Events In History


Regional rugby

  • Regional rugby

    The passion and parochialism of provincial rugby helped give the game a special place in New Zealand’s social and sporting history. Read brief histories, highlights and quirky facts about each of New Zealand's 26 regional rugby teams.

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  • Page 24 - Canterbury rugbyHistory and highlights of rugby in the Canterbury

Ngāi Tahu and earlier tribes lived mainly where there was food – by the sea and at Te Waihora (Lake Ellesmere), which had lots of eels. The government bought much of their territory in 1848, but broke its promise to keep enough land for them. The tribe was finally compensated in 1997. The London-based Canterbury Association aimed to recreate English rural society in Canterbury. From 1850, they sent out different classes of people – from rich landowners, to farmers, to shepherds and servants. The settlers had set up large sheep farms on the plains and in the hill country. Some farmers became rich exporting wool and meat (known as ‘Canterbury lamb’). Near the end of the 19th century these runs were divided into smaller farms.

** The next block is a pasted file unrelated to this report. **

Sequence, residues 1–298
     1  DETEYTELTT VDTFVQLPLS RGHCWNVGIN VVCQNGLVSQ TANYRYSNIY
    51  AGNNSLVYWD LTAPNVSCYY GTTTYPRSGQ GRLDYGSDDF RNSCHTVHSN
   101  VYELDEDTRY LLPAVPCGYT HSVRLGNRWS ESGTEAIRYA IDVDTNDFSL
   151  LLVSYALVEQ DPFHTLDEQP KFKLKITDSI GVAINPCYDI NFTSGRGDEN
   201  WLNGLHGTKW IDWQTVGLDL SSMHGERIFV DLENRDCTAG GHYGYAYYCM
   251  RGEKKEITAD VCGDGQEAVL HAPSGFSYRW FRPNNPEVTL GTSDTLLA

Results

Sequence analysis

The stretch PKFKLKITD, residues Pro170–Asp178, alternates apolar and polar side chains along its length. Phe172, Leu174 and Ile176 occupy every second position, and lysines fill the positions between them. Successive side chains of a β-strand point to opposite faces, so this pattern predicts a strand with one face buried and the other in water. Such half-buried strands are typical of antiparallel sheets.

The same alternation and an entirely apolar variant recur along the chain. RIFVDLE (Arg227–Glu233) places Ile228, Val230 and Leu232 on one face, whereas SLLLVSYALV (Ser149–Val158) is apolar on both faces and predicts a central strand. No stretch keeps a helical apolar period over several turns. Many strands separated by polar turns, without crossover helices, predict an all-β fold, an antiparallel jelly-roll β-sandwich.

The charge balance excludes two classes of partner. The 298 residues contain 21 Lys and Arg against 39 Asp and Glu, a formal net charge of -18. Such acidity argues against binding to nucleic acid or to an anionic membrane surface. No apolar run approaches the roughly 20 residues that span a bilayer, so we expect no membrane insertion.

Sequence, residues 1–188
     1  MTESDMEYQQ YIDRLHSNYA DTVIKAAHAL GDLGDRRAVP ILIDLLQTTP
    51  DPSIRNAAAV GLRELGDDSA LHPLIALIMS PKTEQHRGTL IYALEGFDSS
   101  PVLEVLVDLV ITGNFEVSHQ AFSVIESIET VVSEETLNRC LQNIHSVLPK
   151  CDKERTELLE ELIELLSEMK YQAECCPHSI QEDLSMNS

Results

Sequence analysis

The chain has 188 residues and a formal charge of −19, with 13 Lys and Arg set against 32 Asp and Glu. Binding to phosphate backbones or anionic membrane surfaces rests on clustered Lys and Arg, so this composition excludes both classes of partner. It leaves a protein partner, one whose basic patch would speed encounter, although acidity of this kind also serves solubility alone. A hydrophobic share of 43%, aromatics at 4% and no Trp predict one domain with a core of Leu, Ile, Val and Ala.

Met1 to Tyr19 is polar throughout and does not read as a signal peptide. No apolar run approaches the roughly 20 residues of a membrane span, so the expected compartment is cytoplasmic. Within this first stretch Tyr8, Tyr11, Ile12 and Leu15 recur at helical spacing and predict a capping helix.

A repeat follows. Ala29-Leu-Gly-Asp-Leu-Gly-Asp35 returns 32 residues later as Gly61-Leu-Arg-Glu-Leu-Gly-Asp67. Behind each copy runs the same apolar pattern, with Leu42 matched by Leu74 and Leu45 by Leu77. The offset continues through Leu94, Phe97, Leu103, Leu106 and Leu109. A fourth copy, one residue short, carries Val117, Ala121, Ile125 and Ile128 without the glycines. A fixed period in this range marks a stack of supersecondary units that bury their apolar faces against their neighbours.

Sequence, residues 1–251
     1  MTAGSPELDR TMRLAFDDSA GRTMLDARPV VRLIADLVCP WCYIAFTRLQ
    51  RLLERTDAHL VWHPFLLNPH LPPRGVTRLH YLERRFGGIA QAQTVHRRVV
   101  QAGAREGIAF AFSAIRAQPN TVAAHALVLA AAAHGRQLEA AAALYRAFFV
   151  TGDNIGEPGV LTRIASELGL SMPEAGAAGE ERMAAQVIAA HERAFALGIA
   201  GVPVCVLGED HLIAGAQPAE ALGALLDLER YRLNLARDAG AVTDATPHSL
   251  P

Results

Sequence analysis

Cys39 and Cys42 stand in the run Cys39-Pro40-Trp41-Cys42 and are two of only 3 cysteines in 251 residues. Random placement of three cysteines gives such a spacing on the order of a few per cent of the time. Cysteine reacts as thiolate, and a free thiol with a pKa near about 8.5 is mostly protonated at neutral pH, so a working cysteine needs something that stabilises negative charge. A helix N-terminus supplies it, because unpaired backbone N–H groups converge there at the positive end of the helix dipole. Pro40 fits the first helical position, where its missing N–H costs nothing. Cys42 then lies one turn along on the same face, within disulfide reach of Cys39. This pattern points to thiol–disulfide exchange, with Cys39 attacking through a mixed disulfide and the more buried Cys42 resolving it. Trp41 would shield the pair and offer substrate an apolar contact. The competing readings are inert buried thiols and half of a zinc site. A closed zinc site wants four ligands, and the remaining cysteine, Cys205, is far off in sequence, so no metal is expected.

Meaning of place name
The name was decided at the first meeting od the Canterbury Association of which Dr John Bird Sumner, archbishop of Canterbury, was elected president. The minutes of the Association meeting record that it was decided 'to call it Canterbury after our ecclesiastical mother'.